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PLoS One. 2016 Feb 26;11(2):e0150067. doi: 10.1371/journal.pone.0150067. eCollection 2016.

Risk of Bias from Inclusion of Currently Diagnosed or Treated Patients in Studies of Depression Screening Tool Accuracy: A Cross-Sectional Analysis of Recently Published Primary Studies and Meta-Analyses.

Rice DB1,2, Thombs BD1,2,3,4,5,6,7.

Author information

1
Lady Davis Institute for Medical Research, Jewish General Hospital, Montréal, Québec, Canada.
2
Department of Psychiatry, McGill University, Montréal, Québec, Canada.
3
Department of Epidemiology, Biostatistics, and Occupational Health, McGill University, Montréal, Québec, Canada.
4
Department of Psychology, McGill University, Montréal, Québec, Canada.
5
Department of Medicine, McGill University, Montréal, Québec, Canada.
6
Department of Educational and Counselling Psychology, McGill University, Montréal, Québec, Canada.
7
School of Nursing, McGill University, Montréal, Québec, Canada.

Abstract

BACKGROUND:

Depression screening can improve upon usual care only if screening tools accurately identify depressed patients who would not otherwise be recognized by healthcare providers. Inclusion of patients already being treated for depression in studies of screening tool accuracy would inflate estimates of screening accuracy and yield. The present study investigated (1) the proportion of primary studies of depression screening tool accuracy that were recently published in journals listed in MEDLINE, which appropriately excluded currently diagnosed or treated patients; and (2) whether recently published meta-analyses identified the inclusion of currently diagnosed or treated patients as a potential source of bias.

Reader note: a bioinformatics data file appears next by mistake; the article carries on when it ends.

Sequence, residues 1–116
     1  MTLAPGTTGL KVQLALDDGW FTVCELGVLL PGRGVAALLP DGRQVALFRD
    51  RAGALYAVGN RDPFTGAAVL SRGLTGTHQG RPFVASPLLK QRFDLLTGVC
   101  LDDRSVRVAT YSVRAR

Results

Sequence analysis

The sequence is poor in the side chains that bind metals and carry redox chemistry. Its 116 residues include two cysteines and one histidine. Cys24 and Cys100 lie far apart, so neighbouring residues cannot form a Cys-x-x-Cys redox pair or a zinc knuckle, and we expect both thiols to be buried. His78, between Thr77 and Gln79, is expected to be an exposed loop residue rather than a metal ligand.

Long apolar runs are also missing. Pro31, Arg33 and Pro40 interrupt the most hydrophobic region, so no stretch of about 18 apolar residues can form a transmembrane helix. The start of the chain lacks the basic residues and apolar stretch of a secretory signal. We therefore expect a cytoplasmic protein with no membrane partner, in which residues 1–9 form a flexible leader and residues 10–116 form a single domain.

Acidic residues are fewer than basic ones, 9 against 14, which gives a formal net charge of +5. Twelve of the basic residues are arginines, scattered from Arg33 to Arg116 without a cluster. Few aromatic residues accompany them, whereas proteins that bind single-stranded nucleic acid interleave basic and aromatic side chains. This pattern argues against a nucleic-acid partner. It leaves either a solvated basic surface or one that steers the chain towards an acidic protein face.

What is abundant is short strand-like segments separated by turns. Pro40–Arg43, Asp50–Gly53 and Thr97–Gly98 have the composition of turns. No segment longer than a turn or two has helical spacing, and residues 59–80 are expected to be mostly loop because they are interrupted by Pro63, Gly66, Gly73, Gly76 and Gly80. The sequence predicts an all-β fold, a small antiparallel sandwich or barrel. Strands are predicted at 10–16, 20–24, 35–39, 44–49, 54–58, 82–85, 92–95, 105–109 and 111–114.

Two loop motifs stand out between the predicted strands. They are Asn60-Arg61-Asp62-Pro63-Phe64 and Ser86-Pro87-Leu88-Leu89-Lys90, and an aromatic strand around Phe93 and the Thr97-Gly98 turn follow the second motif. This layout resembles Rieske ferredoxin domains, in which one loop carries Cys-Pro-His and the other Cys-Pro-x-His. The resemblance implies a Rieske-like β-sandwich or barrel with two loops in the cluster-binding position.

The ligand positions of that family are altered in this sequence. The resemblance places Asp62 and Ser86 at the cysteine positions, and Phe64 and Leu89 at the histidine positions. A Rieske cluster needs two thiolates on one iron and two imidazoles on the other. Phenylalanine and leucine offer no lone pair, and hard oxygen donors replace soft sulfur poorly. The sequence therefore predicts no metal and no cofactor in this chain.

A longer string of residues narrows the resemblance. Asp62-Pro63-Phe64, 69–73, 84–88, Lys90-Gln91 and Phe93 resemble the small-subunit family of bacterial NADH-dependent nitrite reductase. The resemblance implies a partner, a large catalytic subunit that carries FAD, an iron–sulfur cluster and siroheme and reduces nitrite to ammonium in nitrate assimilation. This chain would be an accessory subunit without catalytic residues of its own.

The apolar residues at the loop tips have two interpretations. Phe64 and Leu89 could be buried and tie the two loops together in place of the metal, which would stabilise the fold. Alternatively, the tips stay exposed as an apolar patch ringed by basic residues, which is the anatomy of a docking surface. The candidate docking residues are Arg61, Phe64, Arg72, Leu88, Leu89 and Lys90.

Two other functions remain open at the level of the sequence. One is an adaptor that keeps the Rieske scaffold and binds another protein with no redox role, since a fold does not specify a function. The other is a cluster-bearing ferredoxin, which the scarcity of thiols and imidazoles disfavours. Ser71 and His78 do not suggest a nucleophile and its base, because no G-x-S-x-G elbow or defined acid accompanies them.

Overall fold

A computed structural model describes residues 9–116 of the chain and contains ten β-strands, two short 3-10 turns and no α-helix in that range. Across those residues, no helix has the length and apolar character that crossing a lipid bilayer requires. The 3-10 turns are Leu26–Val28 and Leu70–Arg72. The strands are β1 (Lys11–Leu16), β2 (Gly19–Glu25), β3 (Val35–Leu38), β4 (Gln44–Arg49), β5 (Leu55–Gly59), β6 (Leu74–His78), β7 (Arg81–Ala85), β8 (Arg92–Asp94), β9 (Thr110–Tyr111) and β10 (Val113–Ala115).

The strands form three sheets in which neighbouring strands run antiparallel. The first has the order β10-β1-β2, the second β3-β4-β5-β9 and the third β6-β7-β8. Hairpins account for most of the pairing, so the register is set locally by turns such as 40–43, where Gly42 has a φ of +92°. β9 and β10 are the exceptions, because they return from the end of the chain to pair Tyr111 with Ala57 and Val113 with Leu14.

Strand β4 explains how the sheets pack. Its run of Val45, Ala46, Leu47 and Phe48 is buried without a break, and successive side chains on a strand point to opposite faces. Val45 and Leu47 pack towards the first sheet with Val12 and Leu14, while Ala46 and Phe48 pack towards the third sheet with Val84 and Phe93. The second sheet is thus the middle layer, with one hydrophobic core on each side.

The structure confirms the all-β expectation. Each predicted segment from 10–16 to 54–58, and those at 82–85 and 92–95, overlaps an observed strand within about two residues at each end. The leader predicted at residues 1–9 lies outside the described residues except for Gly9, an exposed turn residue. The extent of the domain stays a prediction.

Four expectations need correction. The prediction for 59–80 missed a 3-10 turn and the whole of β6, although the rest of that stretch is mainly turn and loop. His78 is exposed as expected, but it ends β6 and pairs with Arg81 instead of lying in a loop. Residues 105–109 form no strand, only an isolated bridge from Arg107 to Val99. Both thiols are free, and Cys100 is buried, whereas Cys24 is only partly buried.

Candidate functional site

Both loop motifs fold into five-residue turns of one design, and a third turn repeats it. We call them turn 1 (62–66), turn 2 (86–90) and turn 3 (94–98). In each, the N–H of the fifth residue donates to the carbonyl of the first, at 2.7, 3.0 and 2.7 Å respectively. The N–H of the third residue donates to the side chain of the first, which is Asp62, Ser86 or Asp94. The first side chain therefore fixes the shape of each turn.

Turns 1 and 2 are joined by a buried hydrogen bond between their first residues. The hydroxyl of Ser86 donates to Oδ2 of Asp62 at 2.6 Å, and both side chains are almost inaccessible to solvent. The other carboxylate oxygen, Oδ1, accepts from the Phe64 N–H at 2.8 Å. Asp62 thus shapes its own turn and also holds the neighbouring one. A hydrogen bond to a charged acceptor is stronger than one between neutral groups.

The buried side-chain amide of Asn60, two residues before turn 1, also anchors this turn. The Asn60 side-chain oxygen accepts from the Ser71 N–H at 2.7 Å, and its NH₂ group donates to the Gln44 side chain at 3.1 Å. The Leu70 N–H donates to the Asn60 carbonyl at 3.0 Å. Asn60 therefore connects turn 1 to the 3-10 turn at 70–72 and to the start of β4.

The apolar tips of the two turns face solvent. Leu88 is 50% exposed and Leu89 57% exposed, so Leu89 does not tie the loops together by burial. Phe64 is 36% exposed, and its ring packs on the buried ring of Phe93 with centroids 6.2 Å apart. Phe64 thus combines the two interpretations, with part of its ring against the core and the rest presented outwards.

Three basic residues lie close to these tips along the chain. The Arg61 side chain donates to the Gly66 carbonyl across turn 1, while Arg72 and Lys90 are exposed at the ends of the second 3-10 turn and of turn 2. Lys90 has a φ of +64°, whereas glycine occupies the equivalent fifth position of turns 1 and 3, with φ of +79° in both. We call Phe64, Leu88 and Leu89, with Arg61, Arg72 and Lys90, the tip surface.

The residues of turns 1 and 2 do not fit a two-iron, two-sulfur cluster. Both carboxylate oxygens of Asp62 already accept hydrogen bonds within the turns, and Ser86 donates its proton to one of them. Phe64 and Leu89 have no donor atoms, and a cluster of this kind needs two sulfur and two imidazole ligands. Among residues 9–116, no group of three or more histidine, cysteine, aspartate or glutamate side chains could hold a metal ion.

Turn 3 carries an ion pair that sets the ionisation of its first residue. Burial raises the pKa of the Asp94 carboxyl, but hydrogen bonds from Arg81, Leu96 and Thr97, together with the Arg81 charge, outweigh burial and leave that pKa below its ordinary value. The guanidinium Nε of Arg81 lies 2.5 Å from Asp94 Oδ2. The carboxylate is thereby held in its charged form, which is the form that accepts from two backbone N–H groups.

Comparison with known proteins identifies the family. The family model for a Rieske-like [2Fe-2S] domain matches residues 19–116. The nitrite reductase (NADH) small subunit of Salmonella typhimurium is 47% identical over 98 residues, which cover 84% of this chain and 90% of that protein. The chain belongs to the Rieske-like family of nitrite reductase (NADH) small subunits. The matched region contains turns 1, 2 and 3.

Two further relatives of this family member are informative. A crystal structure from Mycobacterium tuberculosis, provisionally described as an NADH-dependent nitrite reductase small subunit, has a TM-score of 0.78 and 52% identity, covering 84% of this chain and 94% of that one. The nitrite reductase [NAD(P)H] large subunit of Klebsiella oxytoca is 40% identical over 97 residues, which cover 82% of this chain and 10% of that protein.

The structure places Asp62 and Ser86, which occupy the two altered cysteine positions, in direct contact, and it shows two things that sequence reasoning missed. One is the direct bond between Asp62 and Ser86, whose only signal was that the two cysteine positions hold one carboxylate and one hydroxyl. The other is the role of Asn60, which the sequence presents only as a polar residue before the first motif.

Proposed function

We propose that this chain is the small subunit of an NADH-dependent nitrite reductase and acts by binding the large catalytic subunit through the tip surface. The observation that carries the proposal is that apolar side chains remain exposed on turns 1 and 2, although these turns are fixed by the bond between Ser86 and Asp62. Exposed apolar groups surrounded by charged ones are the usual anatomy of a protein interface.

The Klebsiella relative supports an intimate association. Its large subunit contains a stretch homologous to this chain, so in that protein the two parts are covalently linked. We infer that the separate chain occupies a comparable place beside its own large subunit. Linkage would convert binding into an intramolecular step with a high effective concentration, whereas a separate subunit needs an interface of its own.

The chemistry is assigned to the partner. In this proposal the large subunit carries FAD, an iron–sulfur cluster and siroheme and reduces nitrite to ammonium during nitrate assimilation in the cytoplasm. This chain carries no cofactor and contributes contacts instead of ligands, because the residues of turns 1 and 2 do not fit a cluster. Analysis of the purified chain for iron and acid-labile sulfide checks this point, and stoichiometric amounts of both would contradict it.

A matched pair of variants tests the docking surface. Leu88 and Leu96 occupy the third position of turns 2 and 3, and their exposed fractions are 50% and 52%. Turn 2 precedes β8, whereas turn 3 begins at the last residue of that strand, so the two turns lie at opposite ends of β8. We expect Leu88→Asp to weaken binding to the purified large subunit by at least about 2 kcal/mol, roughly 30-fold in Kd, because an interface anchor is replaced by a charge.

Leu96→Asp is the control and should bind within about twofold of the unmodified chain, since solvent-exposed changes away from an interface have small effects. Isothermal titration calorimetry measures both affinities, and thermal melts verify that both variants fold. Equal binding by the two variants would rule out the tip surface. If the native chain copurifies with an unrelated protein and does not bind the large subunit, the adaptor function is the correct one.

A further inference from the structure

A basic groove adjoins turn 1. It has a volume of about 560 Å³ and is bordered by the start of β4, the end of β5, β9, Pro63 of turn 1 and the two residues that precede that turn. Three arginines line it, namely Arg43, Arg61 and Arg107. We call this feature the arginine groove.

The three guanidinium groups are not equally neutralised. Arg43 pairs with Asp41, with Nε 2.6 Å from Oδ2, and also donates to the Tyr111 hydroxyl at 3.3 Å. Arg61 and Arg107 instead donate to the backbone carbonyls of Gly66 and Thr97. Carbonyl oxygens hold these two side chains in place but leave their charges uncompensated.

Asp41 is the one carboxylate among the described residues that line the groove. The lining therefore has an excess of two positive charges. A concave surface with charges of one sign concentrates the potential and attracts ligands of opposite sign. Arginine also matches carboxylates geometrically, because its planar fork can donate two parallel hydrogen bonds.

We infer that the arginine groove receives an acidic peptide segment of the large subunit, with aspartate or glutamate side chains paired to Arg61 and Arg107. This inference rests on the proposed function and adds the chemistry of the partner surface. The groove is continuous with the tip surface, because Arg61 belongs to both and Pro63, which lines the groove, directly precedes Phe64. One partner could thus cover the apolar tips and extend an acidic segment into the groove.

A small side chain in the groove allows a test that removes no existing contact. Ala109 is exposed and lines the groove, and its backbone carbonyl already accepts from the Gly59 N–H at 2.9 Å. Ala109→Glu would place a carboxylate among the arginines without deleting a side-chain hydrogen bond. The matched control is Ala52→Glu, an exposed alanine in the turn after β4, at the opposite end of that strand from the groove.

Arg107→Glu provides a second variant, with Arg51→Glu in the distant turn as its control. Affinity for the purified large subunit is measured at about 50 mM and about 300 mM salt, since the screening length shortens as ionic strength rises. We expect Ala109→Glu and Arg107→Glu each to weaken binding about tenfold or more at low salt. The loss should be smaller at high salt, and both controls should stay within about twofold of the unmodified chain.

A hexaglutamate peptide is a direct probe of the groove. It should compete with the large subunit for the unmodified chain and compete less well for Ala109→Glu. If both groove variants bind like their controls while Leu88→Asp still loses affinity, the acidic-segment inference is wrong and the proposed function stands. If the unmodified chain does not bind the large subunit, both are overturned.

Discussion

METHODS:

MEDLINE was searched from January 1, 2013 through March 27, 2015 for primary studies and meta-analyses on depression screening tool accuracy.

RESULTS:

Only 5 of 89 (5.6%) primary studies excluded currently diagnosed or treated patients from any analyses and only 3 (3.4%) from main analyses. In 3 studies that reported the number of patients excluded due to current treatment, the number of excluded patients was more than twice the number of newly identified depression cases. None of 5 meta-analyses identified the inclusion of currently diagnosed and treated patients as a potential source of bias.

CONCLUSIONS:

The inclusion of currently diagnosed and treated patients in studies of depression screening tool accuracy is a problem that limits the applicability of research findings for actual clinical practice. Studies are needed that evaluate the diagnostic accuracy of depression screening tools among only untreated patients who would potentially be screened in practice.

PMID:
26919313
PMCID:
PMC4769287
DOI:
10.1371/journal.pone.0150067
[Indexed for MEDLINE]
Free PMC Article

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